“Manifest Destiny” is a phrase that expressed the belief that the United States had a divinely inspired mission to expand, spreading its form of democracy and freedom.The phrase “Manifest Destiny” was first used primarily by Jackson Democrats in the 1840s to promote the annexation of much of what is now the Western United States (the Oregon Territory, the Texas Annexation, and the Mexican Cession). Slavery, the exploitation of Africans for hard labor, was also growing vastly in popularity during this period of territorial expansion. These controversial ideologies, including such events as Mexican War, the Wilmont Provisio, the development of the Republican Party, the Dred Scott Decision, the Brooks-Sumner Incident, the Anthony Burns Incident, the Ostend Manifesto, Uncle Tom’s Cabin, and unbalanced congressional representation aided in sending the Union into uproar and eventually splitting it entirely.
The Mexican War between the United States and Mexico began with a Mexican attack on American troops along the southern border of Texas on Apr. 25, 1846. Fighting ended when U.S. Gen. Winfield Scott occupied Mexico City on Sept. 14, 1847; a few months later a peace treaty was signed at Guadalupe Hidalgo. In addition to recognizing the U.S. annexation of Texas, defeated Mexico ceded California and , New Mexico (including all the present-day states of the Southwest) to the United States.
During the war political quarrels arose regarding the disposition of conquered Mexico. A strong “All-Mexico” movement urged annexation of the entire territory. Abolitionists opposed that position and fought for the exclusion of slavery from any territory absorbed by the United States. In 1847 the House of Representatives passed the Wilmot Proviso, stipulating that none of the territory acquired should be open to slavery. The Senate avoided the issue, and a late attempt to add it to the Treaty of Guadalupe Hidalgo was defeated.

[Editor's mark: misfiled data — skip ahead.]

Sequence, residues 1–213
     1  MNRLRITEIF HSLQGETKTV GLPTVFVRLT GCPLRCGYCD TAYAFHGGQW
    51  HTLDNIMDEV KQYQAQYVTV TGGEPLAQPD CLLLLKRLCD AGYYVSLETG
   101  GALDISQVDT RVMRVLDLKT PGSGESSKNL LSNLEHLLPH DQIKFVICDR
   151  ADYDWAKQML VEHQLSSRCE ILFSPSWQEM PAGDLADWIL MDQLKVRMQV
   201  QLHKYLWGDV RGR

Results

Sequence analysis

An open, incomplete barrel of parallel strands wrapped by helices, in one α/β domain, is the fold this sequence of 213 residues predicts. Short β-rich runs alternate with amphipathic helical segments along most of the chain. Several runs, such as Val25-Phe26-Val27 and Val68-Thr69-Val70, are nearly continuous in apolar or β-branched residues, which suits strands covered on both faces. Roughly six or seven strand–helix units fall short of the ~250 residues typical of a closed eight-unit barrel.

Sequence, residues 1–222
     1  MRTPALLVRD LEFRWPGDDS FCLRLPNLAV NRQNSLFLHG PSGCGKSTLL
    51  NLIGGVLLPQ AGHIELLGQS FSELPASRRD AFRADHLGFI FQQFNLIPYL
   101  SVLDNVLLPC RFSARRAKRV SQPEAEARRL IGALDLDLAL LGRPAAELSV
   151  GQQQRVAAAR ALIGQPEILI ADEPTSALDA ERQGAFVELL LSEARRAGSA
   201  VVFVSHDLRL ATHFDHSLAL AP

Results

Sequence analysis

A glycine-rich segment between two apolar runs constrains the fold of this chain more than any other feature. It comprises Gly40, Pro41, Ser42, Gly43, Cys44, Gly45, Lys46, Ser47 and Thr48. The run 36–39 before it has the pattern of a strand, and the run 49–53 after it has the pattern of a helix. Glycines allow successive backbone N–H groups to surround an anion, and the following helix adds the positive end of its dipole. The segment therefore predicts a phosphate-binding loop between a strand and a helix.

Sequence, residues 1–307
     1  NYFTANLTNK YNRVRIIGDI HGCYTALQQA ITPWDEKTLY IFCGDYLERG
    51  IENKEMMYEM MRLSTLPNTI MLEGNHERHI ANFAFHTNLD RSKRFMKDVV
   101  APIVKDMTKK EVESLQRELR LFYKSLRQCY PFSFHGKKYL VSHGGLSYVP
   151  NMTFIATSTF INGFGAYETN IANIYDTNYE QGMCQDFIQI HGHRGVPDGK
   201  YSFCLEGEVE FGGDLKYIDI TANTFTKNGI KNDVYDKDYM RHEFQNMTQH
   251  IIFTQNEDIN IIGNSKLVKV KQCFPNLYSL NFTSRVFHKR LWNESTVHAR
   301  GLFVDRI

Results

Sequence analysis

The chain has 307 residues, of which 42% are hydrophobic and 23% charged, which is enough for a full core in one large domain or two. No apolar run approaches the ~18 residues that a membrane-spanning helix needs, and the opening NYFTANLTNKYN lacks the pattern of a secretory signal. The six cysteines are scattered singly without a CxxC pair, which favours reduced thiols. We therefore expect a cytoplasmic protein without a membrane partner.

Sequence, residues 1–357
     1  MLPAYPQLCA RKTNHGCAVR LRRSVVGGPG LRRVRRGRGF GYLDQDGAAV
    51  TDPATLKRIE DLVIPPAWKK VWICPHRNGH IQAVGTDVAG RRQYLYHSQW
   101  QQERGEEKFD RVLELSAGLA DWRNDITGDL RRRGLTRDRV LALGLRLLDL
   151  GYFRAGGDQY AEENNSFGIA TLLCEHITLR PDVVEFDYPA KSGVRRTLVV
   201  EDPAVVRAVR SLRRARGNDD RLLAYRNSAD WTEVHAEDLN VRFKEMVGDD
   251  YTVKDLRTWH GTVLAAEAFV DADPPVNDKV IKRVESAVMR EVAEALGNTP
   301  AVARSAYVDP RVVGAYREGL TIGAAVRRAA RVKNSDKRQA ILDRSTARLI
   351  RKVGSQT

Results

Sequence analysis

A major cause of conflict between the Southern slave states and the Northern free states was the lack of assistance given by northerners to southern slave-owners and their agents seeking to recapture escaped slaves. In 1850 Congress passed the Fugitive Slave Law. The law stated that in future any federal marshal who did not arrest an alleged runaway slave could be fined $1,000. People suspected of being a runaway slave could be arrested without warrant and turned over to a claimant on nothing more than his sworn testimony of ownership.
The Fugitive Slave Law brought the issue home to anti-slavery citizens in the North, since it made them and their institutions responsible for enforcing slavery. Even moderate abolitionists were now faced with the immediate choice of defying what they believed an unjust law or breaking with their own conscience and belief. The case of Anthony Burns, in which a fugitive slave was returned to slavery under the protest of 50,000 citizens of Boston, and the celebration of the abolitionist, Charles Sumner’s assault by Preston S. Brooks, fell under this statute.
The Ostend Manifesto was a secret document written in 1854 by U.S. diplomats at Ostend, Belgium, describing a plan to acquire Cuba from Spain. The document declared that “Cuba is as necessary to the North American republic as any of its present members, and that it belongs naturally to that great family of states of which the Union is the Providential Nursery. The aggressively worded document, and Soulé’s advocacy of slavery, caused outrage among Northerners who felt it was a Southern attempt to extend slavery. American free-soilers, just recently stirred with the Fugitive Slave Law passed as part of the Compromise of 1850, decried the “manifesto of brigands.” Thus the American scheme to capture Cuba fizzled.